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Memorial Day Is A Time for Remembrance

Memorial Day Is A Time for Remembrance

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By John Ubaldi
Contributor, In Homeland Security

To most Americans, Memorial Day means the unofficial start of summer, the end of the school year, backyard cookouts, car sales and vacations. But to many others the holiday has a far deeper meaning.

For them, it might mean a long, painful walk among the many white grave markers that  signify the generations of conflict this nation has endured until they come to the final resting place of their husband, mother, father, brother, sister, son or daughter.

For them, Memorial Day is the chance to solemnly remember their loved ones who died defending this nation so others can enjoy that barbeque.

On this Memorial Day, America’s youth are again in far off lands defending this nation from those that wish to do us harm.

Unfortunately, too many Americans are oblivious to or don’t fully appreciate those serving in the Armed Forces of this country. They are more interested in status and or in how the nation can benefit them; they’re not interested in wanting to defend its liberty and the principles on which the United States was founded.

Speaking to “Gold Star Parents” in 2012, current Homeland Security Secretary retired Marine Corps General John Kelly said, “Today the task is taken up by only 1% of America. The 1% all of us here tonight represent, whose children fill the ranks of our Army, Navy, Air Force, Coast Guard, and Marine Corps in barely enough numbers to defend us all. They are men and women of character who believed in this country enough to put life and limb on the line without qualification, and without thought of personal gain.”

Memorial Day: Understanding the Sacrifices of Our Service Men and Women

Far too often when individuals speak of their constitutional rights, they fail to understand that these rights have come with a huge sacrifice, the blood of brave men and women.

General Kelly knows all too well the pain of losing a child. His Marine infantry officer son was killed in Afghanistan.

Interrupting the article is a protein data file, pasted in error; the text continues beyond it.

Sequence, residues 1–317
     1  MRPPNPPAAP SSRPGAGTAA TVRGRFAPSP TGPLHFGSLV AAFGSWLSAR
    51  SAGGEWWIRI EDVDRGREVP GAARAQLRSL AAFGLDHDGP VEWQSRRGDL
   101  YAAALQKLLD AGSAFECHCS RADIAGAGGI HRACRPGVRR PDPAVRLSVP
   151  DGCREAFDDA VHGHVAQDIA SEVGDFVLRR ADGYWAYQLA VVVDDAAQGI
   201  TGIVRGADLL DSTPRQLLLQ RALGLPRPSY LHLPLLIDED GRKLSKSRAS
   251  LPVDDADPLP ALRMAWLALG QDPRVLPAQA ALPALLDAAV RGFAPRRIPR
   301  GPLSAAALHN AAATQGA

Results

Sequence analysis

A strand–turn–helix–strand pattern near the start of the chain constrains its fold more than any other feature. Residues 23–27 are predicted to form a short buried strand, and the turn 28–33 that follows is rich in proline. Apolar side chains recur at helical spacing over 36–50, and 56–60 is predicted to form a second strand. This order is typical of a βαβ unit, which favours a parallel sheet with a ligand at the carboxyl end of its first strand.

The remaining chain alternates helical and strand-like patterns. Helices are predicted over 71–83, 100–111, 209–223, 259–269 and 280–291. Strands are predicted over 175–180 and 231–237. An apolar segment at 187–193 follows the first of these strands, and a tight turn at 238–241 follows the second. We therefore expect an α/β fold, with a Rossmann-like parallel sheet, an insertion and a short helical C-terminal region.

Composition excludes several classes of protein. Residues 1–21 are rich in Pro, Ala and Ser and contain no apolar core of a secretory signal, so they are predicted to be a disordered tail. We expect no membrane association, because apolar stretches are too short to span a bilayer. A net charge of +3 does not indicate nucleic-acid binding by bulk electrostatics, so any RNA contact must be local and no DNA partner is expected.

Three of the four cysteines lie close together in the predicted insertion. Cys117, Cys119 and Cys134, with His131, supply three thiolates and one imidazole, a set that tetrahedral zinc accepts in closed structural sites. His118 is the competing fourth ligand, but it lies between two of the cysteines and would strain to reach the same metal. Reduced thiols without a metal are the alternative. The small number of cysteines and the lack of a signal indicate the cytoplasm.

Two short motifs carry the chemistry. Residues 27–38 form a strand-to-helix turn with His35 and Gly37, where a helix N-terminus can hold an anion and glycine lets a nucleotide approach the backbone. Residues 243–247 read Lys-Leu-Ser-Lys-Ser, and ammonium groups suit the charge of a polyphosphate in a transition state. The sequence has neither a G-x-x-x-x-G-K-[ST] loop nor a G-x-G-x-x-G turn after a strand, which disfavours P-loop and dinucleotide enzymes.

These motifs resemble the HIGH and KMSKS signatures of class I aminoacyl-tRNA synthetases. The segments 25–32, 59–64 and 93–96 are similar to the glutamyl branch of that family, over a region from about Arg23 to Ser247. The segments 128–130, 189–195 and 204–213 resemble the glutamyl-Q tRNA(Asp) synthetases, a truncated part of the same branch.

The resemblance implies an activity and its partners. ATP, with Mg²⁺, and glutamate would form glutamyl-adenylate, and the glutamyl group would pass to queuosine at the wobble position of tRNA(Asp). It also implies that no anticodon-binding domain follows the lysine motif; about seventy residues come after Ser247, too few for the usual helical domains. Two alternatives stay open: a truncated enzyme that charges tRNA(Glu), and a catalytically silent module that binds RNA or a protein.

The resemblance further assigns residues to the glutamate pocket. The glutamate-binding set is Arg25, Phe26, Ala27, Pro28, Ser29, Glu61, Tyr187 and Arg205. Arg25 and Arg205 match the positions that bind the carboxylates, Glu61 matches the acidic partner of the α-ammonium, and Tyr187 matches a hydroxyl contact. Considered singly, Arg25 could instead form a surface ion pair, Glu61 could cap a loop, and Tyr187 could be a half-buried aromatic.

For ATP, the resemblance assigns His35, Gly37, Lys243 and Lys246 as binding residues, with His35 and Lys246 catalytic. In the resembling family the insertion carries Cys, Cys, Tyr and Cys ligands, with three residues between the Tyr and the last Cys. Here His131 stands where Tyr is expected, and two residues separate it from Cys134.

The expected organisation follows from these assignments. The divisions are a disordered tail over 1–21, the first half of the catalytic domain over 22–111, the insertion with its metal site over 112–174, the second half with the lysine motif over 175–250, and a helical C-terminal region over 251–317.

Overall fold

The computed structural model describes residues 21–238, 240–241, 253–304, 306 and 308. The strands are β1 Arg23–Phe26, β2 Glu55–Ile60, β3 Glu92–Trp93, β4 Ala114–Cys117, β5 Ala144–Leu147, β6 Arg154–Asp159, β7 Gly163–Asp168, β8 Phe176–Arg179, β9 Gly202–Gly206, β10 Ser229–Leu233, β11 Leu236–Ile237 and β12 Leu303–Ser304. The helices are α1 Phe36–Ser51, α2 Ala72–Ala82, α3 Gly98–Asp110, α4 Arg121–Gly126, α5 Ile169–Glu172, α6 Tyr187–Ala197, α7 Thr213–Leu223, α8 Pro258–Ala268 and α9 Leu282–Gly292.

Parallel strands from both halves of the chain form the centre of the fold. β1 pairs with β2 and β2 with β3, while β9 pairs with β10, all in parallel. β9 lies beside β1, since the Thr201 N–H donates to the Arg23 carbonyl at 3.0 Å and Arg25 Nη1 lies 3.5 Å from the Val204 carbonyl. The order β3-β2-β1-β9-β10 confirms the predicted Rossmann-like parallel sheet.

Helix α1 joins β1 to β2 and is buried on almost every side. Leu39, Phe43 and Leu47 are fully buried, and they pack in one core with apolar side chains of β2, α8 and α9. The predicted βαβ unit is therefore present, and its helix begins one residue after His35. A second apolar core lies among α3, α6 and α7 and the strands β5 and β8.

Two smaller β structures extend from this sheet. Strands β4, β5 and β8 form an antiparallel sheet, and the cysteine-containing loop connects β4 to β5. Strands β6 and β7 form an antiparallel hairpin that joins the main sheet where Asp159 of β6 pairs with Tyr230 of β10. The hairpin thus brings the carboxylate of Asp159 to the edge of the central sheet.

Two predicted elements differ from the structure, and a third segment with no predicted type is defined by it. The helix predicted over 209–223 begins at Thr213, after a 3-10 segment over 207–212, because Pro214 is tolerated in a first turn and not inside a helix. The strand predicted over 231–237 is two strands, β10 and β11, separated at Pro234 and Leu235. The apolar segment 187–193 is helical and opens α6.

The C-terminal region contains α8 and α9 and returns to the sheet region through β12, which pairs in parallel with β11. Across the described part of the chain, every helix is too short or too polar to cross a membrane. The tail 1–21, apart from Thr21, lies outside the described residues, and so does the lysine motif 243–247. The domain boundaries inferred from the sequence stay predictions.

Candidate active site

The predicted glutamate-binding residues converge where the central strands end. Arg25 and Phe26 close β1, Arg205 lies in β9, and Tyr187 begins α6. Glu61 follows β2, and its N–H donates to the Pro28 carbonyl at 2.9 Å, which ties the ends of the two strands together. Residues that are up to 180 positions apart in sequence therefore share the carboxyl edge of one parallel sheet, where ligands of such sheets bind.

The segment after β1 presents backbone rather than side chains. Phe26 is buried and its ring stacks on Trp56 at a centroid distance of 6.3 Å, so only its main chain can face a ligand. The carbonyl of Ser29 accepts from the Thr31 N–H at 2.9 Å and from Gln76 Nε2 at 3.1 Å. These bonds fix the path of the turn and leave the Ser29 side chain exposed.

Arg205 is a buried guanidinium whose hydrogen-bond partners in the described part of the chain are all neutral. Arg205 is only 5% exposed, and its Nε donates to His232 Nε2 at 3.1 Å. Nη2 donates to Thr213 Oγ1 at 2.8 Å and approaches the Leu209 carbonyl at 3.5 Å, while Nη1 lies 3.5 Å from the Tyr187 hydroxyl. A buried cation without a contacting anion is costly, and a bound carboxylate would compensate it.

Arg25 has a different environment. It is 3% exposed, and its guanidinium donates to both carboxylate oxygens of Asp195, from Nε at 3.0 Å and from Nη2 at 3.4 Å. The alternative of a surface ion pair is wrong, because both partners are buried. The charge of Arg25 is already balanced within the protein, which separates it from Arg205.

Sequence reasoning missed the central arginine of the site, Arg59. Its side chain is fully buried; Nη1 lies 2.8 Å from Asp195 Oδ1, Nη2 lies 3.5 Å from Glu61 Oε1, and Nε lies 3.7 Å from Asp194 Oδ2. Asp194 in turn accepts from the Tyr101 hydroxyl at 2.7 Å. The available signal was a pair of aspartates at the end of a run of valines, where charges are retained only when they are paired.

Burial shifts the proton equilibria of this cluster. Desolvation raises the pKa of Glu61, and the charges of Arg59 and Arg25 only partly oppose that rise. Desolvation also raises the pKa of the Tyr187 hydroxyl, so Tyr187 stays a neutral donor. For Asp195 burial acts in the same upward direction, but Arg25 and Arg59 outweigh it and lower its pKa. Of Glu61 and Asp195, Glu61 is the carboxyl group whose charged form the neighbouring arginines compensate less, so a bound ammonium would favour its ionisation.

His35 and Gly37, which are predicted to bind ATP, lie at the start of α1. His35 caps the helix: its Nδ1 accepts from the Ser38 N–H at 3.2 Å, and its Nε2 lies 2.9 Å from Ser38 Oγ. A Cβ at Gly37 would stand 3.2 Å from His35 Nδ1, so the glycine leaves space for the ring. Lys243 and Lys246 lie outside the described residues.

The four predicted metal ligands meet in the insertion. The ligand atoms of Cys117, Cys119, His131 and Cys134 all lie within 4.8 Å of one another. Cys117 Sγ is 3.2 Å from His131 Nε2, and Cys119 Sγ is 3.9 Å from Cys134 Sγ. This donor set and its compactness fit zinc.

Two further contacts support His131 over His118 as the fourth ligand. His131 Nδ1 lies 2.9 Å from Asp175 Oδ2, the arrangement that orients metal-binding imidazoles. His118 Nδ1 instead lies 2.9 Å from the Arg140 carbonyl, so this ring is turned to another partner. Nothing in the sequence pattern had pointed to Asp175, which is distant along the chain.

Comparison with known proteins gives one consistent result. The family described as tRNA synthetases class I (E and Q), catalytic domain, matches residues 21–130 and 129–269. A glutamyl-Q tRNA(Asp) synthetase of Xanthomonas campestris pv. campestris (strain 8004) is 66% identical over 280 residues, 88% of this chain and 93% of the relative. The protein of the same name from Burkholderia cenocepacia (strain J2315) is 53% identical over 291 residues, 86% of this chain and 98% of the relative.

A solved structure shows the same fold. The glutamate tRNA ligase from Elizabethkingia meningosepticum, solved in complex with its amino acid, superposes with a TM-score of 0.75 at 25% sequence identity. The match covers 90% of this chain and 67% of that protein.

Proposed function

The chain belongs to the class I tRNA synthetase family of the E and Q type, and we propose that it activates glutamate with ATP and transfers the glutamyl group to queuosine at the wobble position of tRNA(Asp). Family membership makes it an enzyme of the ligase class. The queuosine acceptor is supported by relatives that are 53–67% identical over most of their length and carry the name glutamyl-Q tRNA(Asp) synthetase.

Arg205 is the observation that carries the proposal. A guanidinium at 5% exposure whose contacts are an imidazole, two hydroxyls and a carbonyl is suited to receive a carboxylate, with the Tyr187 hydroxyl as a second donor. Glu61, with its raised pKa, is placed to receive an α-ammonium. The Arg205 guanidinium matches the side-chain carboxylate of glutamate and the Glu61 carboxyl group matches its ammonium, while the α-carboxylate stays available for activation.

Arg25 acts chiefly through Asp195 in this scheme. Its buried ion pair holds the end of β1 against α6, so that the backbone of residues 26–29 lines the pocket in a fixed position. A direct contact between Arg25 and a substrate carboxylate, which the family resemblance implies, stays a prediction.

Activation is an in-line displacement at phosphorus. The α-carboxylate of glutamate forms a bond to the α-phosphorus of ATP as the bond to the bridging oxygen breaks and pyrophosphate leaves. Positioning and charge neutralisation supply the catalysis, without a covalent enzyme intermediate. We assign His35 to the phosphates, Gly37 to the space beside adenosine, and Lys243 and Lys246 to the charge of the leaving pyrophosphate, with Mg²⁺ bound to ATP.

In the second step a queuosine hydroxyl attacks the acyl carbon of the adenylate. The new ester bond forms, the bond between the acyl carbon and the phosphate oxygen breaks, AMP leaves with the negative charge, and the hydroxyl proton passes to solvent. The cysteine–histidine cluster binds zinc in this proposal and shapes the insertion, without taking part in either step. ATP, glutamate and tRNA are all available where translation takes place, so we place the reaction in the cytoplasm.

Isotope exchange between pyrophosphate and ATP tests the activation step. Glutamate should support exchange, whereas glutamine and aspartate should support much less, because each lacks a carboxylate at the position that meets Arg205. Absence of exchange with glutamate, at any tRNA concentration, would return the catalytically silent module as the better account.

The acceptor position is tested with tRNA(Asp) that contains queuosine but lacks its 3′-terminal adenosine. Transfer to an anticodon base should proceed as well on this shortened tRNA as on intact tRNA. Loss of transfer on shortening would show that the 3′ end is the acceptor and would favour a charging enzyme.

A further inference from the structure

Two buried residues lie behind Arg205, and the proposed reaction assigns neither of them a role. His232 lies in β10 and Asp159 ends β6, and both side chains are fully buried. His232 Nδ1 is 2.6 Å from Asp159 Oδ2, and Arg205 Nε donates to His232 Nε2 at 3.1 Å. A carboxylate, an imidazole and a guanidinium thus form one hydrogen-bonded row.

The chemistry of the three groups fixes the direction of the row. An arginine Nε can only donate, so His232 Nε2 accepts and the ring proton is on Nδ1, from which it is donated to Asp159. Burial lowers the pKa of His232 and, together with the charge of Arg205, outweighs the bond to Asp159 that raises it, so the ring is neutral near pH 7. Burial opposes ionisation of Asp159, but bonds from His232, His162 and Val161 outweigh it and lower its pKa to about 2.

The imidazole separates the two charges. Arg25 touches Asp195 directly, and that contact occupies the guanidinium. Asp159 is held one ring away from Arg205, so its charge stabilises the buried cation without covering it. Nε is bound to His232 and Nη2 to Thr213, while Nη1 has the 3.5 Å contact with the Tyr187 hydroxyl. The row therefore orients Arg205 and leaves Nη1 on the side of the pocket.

In a speech he gave in 2010, at the Semper Fi Society in St Louis, Lt. General Kelly said, “If anyone thinks you can somehow thank them for their service, and not support the cause for which they fight, America’s survival, then they are lying to themselves and rationalizing away something in their lives. But, more importantly, they are slighting our warriors and mocking their commitment to the nation.”

Too many of us underappreciate the values exemplified by the U.S. Armed Forces. The sad part is they will never understand the freedoms they enjoy, freedoms that are denied to millions across the globe.

As we pause to reflect this Memorial Day, let’s take time to remember those who sacrificed themselves for the cause of freedom in Belleau Wood, the Argonne, Omaha Beach, Salerno, on Guadalcanal, Tarawa, Iwo Jima, Pork Chop Hill, The Chosin Reservoir, and in the jungles of Vietnam.

In our lifetime they have fallen in the Persian Gulf, Afghanistan, Iraq and Somalia.

Section 60 at Arlington National Cemetery in Virginia is the final resting place of many of those men and women. They performed heroically and they follow in the time-honored tradition of their predecessor warriors.

We should always remember the fallen are not just names in the pages of a newspaper or heard on the nightly news. They all sacrificed themselves defending the values that this Republic stands for and for which millions around the globe yearn. That is, freedom.

Having served 30 years in the Marines with combat deployments to Iraq and Afghanistan, I knew many of these brave men and women. I will never forget their sacrifice.

America should do the same.

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